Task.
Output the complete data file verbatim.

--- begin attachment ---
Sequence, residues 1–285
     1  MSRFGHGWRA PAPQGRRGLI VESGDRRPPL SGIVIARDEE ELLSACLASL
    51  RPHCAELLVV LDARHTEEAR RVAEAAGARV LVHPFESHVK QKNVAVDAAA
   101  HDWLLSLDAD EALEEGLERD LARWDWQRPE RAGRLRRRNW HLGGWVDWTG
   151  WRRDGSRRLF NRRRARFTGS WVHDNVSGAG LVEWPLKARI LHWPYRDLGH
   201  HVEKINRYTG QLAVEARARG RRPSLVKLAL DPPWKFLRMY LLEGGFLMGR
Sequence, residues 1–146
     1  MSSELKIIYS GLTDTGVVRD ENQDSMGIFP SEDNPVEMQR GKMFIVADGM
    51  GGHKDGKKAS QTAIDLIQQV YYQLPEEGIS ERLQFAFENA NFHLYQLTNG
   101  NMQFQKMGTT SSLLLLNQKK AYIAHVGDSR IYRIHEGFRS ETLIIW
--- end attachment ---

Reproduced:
Sequence, residues 1–285
     1  MSRFGHGWRA PAPQGRRGLI VESGDRRPPL SGIVIARDEE ELLSACLASL
    51  RPHCAELLVV LDARHTEEAR RVAEAAGARV LVHPFESHVK QKNVAVDAAA
   101  HDWLLSLDAD EALEEGLERD LARWDWQRPE RAGRLRRRNW HLGGWVDWTG
   151  WRRDGSRRLF NRRRARFTGS WVHDNVSGAG LVEWPLKARI LHWPYRDLGH
   201  HVEKINRYTG QLAVEARARG RRPSLVKLAL DPPWKFLRMY LLEGGFLMGR
Sequence, residues 1–146
     1  MSSELKIIYS GLTDTGVVRD ENQDSMGIFP SEDNPVEMQR GKMFIVADGM
    51  GGHKDGKKAS QTAIDLIQQV YYQLPEEGIS ERLQFAFENA NFHLYQLTNG
   101  NMQFQKMGTT SSLLLLNQKK AYIAHVGDSR IYRIHEGFRS ETLIIW